T. Boone Pickens to Sell Off 667 Wind Turbines

As part of the first phase to build a 4,000 MW wind farm in the Texas panhandle, Pickens ordered 667 turbines from GE. These turbines are to be ready in 2010 and 2011, but the wind farm was called off due to funding and transmission problems. Now that’s a boondoggle.

The economy and the wind energy market were very different just over a year ago when this order was placed. The wind industry was booming and a massive 8,900 MW of wind energy capacity was installed in 2008 in North America – this represents 40% of all total new capacity. Steel prices were sky high and demand greatly exceeded turbine supply. Prices soared and it was difficult to buy small quantities of turbines.


Kathy Belyeu, manager of industry information services for the American Wind Energy Association, says:

In the heat of all the development that was going on last year, there was definitely the feeling that smaller projects were getting squeezed. If you weren’t able to go to the turbine manufacturer and purchase a big quantity of turbines, they weren’t really going to talk to you.

Now Pickens wants to unload these turbines, either by creating some smaller wind farms or by selling them off. He is looking for buyers in the Midwest or in Canada. These turbines have a rotor diameter of 77 meters however and are ideally suited for areas with higher wind speeds. Although the Midwest has a decent transmission grid for wind farms, it lacks the strong wind speeds that are optimal for these turbines.

Pickens is not the only person with a bunch of turbines on his hands and a stalled project. “Some of the cheapest turbines these days are available when another company pre-ordered the them, still has a slot and is trying to resell them off themselves,” says Wes Slaymaker, owner of WES Engineering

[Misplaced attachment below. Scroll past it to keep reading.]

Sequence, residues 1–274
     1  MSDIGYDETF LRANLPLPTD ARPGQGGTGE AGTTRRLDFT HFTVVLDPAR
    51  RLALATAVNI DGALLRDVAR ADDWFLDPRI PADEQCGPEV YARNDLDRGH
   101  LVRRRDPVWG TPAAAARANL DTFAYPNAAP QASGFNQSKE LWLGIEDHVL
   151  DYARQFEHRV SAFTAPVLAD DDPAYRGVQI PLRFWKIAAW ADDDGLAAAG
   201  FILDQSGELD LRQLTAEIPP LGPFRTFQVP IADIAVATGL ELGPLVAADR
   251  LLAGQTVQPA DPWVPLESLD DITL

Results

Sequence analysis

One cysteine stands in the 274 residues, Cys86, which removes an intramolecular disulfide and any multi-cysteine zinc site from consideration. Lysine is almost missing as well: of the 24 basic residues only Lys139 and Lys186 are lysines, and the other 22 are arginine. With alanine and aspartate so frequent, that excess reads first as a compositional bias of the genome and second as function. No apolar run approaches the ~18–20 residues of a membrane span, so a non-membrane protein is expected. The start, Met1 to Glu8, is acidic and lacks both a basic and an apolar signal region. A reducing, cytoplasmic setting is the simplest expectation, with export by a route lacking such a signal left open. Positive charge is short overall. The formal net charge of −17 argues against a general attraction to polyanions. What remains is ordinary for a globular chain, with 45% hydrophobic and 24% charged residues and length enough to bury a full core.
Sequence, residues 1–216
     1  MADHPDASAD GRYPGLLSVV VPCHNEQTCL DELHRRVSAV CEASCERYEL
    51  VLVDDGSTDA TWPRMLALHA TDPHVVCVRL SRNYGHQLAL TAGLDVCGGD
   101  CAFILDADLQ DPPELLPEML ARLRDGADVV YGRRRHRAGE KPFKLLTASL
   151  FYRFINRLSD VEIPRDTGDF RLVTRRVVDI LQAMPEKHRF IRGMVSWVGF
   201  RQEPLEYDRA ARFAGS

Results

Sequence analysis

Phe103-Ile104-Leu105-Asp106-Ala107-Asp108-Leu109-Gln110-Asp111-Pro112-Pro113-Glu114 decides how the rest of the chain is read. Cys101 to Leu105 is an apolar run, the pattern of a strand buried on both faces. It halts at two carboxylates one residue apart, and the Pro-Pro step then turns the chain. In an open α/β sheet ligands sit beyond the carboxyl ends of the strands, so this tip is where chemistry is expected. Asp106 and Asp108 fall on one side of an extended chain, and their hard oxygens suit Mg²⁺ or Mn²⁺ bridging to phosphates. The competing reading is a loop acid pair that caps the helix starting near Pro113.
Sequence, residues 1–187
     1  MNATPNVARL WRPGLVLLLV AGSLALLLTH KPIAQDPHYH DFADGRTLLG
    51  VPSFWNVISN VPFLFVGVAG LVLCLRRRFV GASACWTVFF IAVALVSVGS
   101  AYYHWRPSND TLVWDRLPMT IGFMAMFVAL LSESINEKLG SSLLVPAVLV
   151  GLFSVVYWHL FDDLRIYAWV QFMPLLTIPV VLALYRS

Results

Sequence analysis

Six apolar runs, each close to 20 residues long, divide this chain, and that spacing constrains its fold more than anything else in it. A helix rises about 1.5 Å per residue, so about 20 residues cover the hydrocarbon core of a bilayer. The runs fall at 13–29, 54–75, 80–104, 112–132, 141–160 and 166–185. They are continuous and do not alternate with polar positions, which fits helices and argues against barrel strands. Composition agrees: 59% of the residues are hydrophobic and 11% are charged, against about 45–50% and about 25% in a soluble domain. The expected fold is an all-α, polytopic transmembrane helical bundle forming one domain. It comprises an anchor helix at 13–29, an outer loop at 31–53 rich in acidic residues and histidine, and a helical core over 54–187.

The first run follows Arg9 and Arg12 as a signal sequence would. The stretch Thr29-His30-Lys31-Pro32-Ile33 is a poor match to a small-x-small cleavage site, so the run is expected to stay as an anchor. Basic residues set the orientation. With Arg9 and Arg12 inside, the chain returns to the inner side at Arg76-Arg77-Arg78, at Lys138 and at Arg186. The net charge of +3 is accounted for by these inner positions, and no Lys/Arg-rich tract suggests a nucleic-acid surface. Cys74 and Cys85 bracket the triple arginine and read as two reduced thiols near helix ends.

This predicament may help mid-scale wind projects to thrive, which previously couldn’t obtain big name turbines when the market was really booming. “The municipal utility company I’m working with in Illinois is looking at General Electric and Vestas turbines, some of the common name turbines and they are looking at buying them for much less than a year ago,” says Slaymaker.

Greater turbine availability and lower prices are major factors in the wind energy market at the moment, but financing still remains a major hurdle.

Sarah Lozanova is a regular contributor to environmental and energy publications and websites, including Mother Earth Living, Energy International Quarterly, Triple Pundit, Urban Farm, and Solar Today. Her experience includes work with small-scale solar energy installations and utility-scale wind farms. She earned an MBA in sustainable management from the Presidio Graduate School and she resides in Belfast Cohousing & Ecovillage in Midcoast Maine with her husband and two children.